Indian estate workers seek govt intervention to settle their housing woes

Photo courtesy of Tamil Nesan

SHAH ALAM, Dec 18 – A group of former and current Indian rubber and oil palm plantation workers, who have been working and living in temporary quarters at their estates in the Ulu Selangor and Batang Berjuntai areas are seeking the intervention of the Unity Government to resolve their long, outstanding housing woes.

A report by Tamil Nesan’s Sundar Marathamuthu said some of these workers who have reached the age of 60 had been recently given eviction notice to vacate their quarters by 14 days.

According to the report, some of these estate workers from Ladang Tegar and four other estates including one in Batang Berjuntai have been working and living in their estates almost all their lives and they should have been allocated permanent housing in the areas, rather than turning them out when they reach the age of 60.

“These are the people, who are usually up and working around 4 am to do rubber tapping and other plantation work that have enriched the owners of the plantations but their basic needs like housing has not been met properly by the owners,” according to Parti Socialis Malaysia’s central committee member Arulchelvan.

Speaking at a press conference attended by Tamil news outlets, Arulchelvan said the perennial problem of decent housing for estate workers who have been putting in long years of service should be resolved as soon as possible as it affects not only the five estates in question today but many throughout the country.

He said earlier, corporate magnate Tan Sri Vincent Tan had sold off the estate, known by a different name previously to Tagar Properties. However, he had allocated 20 acres of land free for the building of houses for the estate workers, Arulchelvan said.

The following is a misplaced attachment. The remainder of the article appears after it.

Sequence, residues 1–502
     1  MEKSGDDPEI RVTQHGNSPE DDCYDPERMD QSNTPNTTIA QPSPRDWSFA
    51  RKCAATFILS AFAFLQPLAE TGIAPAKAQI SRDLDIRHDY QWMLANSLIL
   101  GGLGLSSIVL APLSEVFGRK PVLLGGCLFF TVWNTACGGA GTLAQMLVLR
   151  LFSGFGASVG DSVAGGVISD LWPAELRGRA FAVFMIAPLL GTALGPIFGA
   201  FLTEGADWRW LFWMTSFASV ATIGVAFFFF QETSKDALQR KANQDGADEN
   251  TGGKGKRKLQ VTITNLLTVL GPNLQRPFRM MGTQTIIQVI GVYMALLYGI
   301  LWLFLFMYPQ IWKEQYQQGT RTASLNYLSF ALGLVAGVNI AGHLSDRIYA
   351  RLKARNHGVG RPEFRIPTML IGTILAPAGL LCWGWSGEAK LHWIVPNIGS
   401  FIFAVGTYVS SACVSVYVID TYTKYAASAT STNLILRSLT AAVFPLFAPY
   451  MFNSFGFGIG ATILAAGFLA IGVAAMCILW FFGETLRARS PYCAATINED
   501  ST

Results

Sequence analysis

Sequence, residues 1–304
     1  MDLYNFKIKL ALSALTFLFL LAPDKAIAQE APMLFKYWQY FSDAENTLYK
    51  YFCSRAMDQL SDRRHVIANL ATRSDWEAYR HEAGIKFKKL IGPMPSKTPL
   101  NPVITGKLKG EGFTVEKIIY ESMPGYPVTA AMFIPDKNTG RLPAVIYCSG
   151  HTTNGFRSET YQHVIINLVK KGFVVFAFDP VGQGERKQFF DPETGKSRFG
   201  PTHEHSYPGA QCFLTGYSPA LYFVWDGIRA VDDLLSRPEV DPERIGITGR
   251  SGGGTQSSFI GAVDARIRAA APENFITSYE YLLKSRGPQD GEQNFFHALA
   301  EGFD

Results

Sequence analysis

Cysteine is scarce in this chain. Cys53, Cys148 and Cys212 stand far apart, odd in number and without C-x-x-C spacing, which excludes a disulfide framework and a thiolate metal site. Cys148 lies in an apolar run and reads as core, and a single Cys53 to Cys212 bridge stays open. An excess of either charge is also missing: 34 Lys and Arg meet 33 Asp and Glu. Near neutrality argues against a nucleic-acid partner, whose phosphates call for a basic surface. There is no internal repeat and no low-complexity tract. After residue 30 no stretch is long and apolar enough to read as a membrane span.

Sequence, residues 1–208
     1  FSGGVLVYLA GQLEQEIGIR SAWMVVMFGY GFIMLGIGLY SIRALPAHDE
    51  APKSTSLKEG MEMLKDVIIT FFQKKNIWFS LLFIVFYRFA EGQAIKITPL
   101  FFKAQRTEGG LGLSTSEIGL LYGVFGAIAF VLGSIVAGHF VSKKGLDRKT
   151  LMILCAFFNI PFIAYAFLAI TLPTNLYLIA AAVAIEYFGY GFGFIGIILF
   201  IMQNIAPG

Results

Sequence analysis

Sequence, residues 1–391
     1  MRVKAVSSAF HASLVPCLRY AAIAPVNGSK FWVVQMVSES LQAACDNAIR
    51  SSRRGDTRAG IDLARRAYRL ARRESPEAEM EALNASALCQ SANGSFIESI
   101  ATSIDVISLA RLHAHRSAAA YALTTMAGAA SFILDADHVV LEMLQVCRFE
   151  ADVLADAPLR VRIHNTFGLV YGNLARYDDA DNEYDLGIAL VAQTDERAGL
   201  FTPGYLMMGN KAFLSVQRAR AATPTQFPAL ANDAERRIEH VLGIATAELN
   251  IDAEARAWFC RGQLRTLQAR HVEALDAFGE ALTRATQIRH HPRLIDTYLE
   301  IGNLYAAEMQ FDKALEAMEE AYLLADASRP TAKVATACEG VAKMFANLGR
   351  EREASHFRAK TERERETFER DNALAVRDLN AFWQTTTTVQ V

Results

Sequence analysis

Tagar Properties is now claiming that the workers are “squatters” and they had no legal rights to continue to stay in the houses they have occupied for several decades.

“This is no way to treat workers who have for years stayed in the estate and contributed to the revenue of these big companies,” he said.

“Where would these people go? They cannot afford to buy houses and calling them squatters without any legal rights to the houses they have been living and seeking to evict them after gaining years of service from them is just not right,” he said.

He said huge plantation companies like Sime Darby, KL Kepong, Socfin, who had gained much from the hard work of these workers in the past, should have come up with some housing plan for these workers, who will not be able to buy houses in their later years.

He said in the case of Ladang Tagar, while efforts had been taken to build houses on the land that had been allocated for the estate workers.

However, there were no funds back then, and the estate workers had approached the government for funds to build the house . Although there had been talks that the funds will be allocated in the budget, there was no such funds.

“With the new government, we are hoping that an allocation can be made in the budget to build the houses for the estate people.”

Meanwhile, one of the affected estate workers said that there could be two reasons why the eviction notices have come about.

“It could be because the owner is looking to sell off the land or finding ways of accommodating foreign workers who are cheaper labour,” he opined.

Meanwhile, a check on property sales shows many pieces of agriculture land around the area have been put for sale this year.